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Hints from Heloise: The magic of a simple 'Thank you'
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Hints from Heloise

Hints from Heloise: The magic of a simple 'Thank you'

Heloise 9.28

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Today's Sound On is about the magical words "thank you."

Dear Heloise: I recently went to a meeting at my church and heard a speaker talking about the importance of gratitude. She asked how many of us had a flat tire at one time and a stranger stopped and helped us change it, or were a dollar short at the grocery store and the person behind us volunteered to give us the money we were short. Several in the audience raised their hands. She said that maybe all we could do was say "thank you" when the stranger refused to take money for their help. So go ahead and thank them and pass it on. When it's your turn to help someone, remember those who helped you and pass it on.

So go ahead and thank them and pass it on. When it's your turn to help someone, remember those who helped you and "pay it forward." The only reward you should expect is to feel good that someone in need was better off because you reached out to them. You may never know if you saved their life, or helped them feed their family, or get home safely, but you'll always know you performed an act of kindness by passing it on. -- Gracie R., Austin, Texas

FAST FACTS

Got an extra eyeglass case? Here are some uses for them:

-- Hold small dental supplies or toothpicks.

-- Hold extra tissues.

-- Store a couple of pens inside.

-- Store loose change.

LIGHT SNOW FALL

Dear Heloise: We have a long driveway and walkway from the street to our house. Instead of trying to sweep or shovel a light snow fall, we use our leaf blower. It's easier than a shovel and less work than sweeping. -- Micky W., Albuquerque, N.M.

LETTER OF LAUGHTER

Dear Heloise: When I got my new washer and dryer, I called every church and charity I could find to offer a washer and dryer that was still in perfect condition and only six years old. No one wanted these two appliances. When it was time for "bulk pickup" in our city, I managed to get both appliances out to the curb by 1 o'clock the day before pickup. By 2 o'clock that same day the washer and dryer were gone! If I'd known how easy it was to get rid of those appliances I would have put them out there a few months before. -- Kate C., San Antonio, Texas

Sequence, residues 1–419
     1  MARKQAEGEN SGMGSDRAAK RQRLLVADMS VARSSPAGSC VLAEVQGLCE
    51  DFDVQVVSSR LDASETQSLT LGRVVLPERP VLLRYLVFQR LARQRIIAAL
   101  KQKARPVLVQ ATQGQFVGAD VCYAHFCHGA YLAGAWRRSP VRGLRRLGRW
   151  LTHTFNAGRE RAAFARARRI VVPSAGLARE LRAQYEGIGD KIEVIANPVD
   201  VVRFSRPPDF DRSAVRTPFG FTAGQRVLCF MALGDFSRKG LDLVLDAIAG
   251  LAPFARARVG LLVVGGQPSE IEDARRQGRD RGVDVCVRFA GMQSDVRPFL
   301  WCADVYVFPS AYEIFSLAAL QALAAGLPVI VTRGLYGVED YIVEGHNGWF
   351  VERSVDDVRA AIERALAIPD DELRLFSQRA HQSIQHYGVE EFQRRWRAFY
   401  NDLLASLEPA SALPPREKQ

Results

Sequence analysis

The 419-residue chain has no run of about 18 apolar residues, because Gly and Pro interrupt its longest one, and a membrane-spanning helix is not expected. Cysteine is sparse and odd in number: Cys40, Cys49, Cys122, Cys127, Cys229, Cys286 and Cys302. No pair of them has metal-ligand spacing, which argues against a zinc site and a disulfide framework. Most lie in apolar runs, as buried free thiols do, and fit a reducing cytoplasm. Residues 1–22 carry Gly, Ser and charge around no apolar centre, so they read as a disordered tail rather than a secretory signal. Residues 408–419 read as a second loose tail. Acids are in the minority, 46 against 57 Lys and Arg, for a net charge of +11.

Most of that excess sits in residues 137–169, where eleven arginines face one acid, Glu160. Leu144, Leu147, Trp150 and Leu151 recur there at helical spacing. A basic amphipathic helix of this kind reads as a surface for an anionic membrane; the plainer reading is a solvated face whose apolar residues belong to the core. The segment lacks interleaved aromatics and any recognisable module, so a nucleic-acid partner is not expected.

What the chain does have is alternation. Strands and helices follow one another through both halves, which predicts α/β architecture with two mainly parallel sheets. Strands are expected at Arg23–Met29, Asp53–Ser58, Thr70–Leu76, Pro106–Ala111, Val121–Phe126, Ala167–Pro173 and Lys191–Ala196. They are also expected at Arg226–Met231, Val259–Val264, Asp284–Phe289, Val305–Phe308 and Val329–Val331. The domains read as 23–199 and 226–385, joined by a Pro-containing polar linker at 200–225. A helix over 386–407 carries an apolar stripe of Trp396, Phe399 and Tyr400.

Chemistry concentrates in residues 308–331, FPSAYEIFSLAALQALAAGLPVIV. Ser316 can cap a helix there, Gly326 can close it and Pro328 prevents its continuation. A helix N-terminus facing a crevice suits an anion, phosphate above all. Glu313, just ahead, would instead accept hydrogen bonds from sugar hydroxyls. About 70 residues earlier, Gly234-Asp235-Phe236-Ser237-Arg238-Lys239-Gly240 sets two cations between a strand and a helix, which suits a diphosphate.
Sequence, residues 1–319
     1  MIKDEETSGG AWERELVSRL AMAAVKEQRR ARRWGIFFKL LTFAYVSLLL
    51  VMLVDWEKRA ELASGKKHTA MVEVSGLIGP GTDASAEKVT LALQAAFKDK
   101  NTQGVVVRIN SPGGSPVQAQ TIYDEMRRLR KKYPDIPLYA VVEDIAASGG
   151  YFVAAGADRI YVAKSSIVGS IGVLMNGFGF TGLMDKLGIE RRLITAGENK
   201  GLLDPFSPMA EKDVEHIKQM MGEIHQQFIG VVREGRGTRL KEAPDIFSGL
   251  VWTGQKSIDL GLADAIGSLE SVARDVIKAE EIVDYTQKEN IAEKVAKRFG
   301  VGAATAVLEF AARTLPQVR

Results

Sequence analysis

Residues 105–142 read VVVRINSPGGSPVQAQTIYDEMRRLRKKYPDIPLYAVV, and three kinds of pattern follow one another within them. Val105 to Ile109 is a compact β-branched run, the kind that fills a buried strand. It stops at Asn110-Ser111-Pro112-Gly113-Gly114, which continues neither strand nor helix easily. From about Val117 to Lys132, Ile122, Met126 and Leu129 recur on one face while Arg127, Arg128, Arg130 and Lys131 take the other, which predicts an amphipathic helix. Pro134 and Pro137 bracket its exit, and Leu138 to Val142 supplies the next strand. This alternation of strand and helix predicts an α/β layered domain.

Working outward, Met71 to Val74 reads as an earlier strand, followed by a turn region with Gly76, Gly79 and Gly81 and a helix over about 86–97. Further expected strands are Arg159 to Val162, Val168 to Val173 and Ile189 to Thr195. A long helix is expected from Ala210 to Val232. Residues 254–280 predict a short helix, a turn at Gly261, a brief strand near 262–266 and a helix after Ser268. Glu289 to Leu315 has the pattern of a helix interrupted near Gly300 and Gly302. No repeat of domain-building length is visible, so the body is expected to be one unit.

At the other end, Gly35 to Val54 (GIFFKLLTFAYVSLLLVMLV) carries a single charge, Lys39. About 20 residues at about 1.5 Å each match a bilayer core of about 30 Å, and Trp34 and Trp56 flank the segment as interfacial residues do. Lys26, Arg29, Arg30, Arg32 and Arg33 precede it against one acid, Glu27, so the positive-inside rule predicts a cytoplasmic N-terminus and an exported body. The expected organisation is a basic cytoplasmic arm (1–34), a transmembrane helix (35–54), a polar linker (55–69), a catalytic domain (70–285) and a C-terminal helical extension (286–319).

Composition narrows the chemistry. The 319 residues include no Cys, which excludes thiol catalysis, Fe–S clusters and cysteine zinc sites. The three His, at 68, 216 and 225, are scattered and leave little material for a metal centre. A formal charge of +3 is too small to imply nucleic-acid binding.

RUST FREE

Dear Heloise: My husband's shaving cream always left a rust stain on my bathroom tile, and it was difficult to remove. Finally, I got a foam can holder -- the kind used on cold beer and soda cans -- and put his shaving cream can in one of those foam containers. No more rusty stains! -- Frances P., Warren, Ohio

TOOTHPICK

Dear Heloise: Sometimes I need a toothpick after a meal, but many restaurants don't provide those anymore. So I took the lipstick out of an old tube of lipstick and placed several toothpicks inside. Now I can retire to the ladies room and make certain there is no spinach stuck to my teeth. -- Loretta S., Bend, Oregon

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DEAR ABBY: Our 11-year-old has learned to lie, and we feel terrible about it. Because she has a sensory processing disorder, clothes are a useless gift because the seams and fabric are often uncomfortable for her. We have repeatedly asked family and friends not to gift her clothes, but her grandmas are in denial and often do it anyway.

Dear Doctor: My daughter got a rash across her cheeks that we thought was an allergy. A year later, she was diagnosed with lupus. She's only 17, and the doctors keep putting her on different meds, which worries her dad and me. I've been reading that ginger can be helpful. What do you think?

DEAR ABBY: On Sept. 14, 2017, you printed my letter about my ex-husband "borrowing" money from my 13-year-old son's piggy bank. Soon after, you reached out to tell me a gentleman (the founder of an organization that helps people who have been wronged) wanted to send my son twice the amount of money that had been taken from him. My son was humbled, to say the least. Not only did that gesture restore my son's faith in people, but he gained from it a friend who made a lasting impression.

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